Despite extensive public awareness campaigns, workplace discrimination continues to run rampant in Florida, with life-altering effects being left in its wake. Those who are subjected to workplace discrimination can be hit with a reduced income, lost employment, extensive re-educating and re-training-related costs, damage to their career, and emotional and psychological turmoil that can be devastating. That’s a lot to cope with, all of which is undeserved.
As stressful and fearful as all of that can be, legal action can help alleviate the losses associated with workplace discrimination. To succeed in one of these cases, though, you’ll have to present persuasive evidence that shows that your employer acted with discriminatory intent, or that broadly applied practices and procedures resulted in a disparate and discriminatory impact.
How can you build your workplace discrimination case?
Navigating your workplace discrimination case can be tough, especially as you’re trying to find stability after losing your job or being reassigned to a lower paying position. But there are some steps you can take to better position yourself for success. This includes:
- Keeping a written record: Discrimination often occurs over time. As you prepare to take legal action, it can be hard to recall all the discriminatory events in question, let alone provide clear details about them. By keeping written notes of each discriminatory action, though, you give yourself a tool to refresh your memory when the time comes to do so. This detailed information can render your workplace discrimination case more persuasive and more powerful.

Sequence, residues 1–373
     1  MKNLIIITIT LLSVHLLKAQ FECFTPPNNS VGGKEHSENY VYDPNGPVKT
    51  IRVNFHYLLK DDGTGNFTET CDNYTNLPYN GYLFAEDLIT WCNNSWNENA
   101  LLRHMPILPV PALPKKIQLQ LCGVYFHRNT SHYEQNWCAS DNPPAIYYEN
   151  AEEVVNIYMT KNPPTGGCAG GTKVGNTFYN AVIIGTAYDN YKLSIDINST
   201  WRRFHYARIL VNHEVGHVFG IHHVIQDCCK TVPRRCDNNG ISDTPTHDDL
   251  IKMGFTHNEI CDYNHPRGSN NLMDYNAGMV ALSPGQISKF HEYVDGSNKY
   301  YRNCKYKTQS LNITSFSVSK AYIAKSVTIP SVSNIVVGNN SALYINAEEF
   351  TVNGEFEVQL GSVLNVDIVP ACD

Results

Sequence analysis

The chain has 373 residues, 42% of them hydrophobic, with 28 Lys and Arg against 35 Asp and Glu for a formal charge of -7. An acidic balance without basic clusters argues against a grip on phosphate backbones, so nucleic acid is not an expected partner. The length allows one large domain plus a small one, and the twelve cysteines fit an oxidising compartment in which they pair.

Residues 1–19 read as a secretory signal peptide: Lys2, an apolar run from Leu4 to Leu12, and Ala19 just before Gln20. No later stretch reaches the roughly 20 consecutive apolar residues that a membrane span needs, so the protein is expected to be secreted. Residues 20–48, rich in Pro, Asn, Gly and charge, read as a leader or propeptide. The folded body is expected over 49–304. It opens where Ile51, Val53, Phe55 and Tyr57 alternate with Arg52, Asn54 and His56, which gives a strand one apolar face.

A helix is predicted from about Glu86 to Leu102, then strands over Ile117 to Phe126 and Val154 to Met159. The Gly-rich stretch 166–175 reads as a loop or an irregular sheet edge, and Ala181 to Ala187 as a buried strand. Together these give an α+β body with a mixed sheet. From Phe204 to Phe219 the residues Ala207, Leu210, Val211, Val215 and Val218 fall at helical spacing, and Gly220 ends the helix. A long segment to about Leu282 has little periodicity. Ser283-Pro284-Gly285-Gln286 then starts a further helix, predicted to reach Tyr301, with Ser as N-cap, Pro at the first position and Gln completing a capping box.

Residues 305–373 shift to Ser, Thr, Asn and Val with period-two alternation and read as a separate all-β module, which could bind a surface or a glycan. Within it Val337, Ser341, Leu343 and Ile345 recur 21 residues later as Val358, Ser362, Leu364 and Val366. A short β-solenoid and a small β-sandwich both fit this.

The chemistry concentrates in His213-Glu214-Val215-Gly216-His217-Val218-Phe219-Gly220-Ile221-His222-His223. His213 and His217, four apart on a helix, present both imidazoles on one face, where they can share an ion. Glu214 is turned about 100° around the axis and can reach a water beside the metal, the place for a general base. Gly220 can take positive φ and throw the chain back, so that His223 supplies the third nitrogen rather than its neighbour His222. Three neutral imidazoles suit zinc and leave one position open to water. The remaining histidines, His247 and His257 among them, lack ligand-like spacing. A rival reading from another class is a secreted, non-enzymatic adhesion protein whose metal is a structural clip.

- Talking to your co-workers: Discrimination doesn’t always occur behind closed doors. As a result, there’s a good chance that your co-workers have witnessed you being subjected to discriminatory behavior, or they may have been discriminated against, too, the latter of which can help you show a more prolific pattern of egregious behavior at your place of work. Be sure to gather contact information for these potential witnesses, as you may need them to testify in your workplace discrimination case.
- Protecting your record: When allegations of discrimination arise, your employer is going to seek other justifications for the actions it took. It might try to portray you as a bad employee who simply didn’t perform to acceptable standards, or that you were often late or unjustifiably missed work. Knowing your employer’s intent, you should retain all complimentary communications and favorable performance appraisals. Think through whether there’s anything else that can show the value that you provided to your employer so that you can bat back any assertions that you were a bad employee.
- Recording your damages: Even if you prove that your employer discriminated against you, you’re only going to recover the damages that you can prove. So, be sure to keep track of any lost wages, re-training and re-educating expenses, and the impact that your situation has had on your daily living and your ability to enjoy life.
Are you ready to hold your employer accountable for discriminatory behavior?
If so, then now is the time to get to work building your case. We know it can seem a little overwhelming at first, but once you have a legal strategy developed, you’ll have more direction as far as how to craft your case.
So, as you ready yourself to enter the legal arena, educate yourself as much as you can about the road ahead so that you know what to expect moving forward. Hopefully then you’ll be able to find accountability, recover compensation, and get your life and your career back on track.